Every day I learn something that helps me with my prepping. Yesterday I learned not to jump to conclusions to soon. The wheat berries I talked about in yesterdays post started to sprout the hulls broke open on many of them, but the sprouts are not growing normally. They appear to have a very stunted growth compared to normal. I am going to let them go for another day or so to see what happens, but by now they would normally be ready.
So what does this tell us about the value of the 35-year-old stored wheat berries?
1. The normal reason you sprout wheat berries is to increase the nutrition. When the wheat berry is sprouted, vitamin B-12 quadruples, other B vitamins increases 3 to 12 times, vitamin E content triples, and the fiber content increases. Test show that.
- Vitamin B1 (thiamin) increase of 28%
- Vitamin B2 (riboflavin) increase of 315%
- Vitamin B3 (niacin) increase of 66%
- Vitamin B5 (pantathenic) increase of 65%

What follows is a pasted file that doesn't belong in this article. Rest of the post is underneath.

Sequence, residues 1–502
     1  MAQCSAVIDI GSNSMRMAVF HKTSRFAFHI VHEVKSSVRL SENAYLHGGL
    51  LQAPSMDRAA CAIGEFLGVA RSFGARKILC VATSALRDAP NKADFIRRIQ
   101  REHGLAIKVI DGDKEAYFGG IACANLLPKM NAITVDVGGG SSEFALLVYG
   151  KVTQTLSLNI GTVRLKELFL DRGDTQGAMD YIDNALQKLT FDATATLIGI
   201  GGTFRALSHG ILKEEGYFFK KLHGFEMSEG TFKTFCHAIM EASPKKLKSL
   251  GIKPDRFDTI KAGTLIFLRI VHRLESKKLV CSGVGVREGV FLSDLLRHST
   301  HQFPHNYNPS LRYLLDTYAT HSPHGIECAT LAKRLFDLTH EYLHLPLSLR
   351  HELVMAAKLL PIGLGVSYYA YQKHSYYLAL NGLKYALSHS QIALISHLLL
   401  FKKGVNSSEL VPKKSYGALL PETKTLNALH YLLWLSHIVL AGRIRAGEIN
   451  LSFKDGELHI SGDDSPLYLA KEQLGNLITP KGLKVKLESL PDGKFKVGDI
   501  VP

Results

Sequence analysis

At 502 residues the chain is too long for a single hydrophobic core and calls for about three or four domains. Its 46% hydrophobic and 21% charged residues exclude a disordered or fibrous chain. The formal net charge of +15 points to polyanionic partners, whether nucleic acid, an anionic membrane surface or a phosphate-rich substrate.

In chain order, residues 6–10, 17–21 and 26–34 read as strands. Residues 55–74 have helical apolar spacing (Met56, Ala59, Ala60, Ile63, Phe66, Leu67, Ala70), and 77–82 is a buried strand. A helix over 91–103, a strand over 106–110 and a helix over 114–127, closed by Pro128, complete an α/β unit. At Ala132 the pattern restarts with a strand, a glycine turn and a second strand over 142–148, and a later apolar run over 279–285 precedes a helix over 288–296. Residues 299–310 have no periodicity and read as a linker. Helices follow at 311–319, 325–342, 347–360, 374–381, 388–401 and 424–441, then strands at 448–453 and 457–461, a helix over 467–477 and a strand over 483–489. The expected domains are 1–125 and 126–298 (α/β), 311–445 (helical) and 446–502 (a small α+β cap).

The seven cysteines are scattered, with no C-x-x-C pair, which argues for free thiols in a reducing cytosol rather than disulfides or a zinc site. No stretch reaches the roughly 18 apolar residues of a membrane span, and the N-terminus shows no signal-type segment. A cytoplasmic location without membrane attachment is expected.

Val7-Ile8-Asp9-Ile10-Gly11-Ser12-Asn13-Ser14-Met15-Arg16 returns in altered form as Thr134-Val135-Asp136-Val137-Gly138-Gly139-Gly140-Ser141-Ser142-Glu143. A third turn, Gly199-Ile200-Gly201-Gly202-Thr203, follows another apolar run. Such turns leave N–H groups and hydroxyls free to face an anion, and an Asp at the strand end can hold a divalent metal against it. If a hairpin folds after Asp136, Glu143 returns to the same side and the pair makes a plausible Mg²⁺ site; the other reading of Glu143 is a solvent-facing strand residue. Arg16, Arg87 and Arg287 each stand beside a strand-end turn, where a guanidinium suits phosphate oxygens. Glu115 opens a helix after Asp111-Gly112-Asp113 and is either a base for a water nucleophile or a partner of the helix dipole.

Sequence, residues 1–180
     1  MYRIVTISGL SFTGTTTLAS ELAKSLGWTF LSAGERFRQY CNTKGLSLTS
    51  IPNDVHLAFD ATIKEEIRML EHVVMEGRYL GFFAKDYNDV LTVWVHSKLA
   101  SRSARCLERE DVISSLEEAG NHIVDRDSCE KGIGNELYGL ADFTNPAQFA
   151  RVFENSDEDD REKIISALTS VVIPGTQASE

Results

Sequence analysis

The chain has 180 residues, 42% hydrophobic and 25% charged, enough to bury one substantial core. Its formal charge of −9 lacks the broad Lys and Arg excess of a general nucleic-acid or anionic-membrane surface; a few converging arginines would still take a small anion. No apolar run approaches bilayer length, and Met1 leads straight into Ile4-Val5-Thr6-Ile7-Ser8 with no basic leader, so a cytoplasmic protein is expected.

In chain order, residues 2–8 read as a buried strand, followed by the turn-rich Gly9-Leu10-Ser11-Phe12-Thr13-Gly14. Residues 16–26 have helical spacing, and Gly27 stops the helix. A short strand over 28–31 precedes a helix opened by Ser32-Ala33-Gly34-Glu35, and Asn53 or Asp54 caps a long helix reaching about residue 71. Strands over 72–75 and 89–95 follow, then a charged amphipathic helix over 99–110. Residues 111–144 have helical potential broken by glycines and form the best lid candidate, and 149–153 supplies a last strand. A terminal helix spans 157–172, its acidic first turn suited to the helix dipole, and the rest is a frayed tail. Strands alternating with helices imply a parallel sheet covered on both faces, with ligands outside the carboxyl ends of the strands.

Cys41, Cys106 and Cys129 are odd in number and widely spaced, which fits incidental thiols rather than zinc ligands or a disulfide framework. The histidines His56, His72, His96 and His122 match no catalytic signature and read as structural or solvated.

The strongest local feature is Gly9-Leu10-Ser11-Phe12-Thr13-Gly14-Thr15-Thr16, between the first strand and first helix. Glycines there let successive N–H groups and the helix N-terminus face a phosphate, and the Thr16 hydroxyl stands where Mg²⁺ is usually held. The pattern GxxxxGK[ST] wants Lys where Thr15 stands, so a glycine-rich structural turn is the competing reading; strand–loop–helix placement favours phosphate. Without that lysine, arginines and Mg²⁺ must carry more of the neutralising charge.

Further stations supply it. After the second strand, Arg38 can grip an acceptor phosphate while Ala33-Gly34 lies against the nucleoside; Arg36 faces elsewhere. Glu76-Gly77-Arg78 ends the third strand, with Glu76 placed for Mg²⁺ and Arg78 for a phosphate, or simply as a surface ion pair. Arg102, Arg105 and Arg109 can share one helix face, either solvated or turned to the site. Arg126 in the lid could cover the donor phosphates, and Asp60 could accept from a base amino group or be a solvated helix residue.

- Biotin increase of 111%
- Folic acid increase of 278%
- Vitamin C increase of 300%
In this case, the wheat berries did not sprout normally. I believe that the nutrition content of this wheat would increase, but not to its full potential.
2. I don’t think these would be viable for use as seeds.
3. The wheat would contain usable calories.
4. You could use the wheat for baking bread and other normal uses.
Wheat is definitely worth storing; even under these adverse conditions, it still contains calories and a good portion of its nutrition. Stored under better conditions and with the use of oxygen absorbers I believe that it would properly have sprouted normally.
A type of wheat found in the tombs of the pharaohs and stored under ideal conditions has sprouted even though it was well over a couple of thousand years old.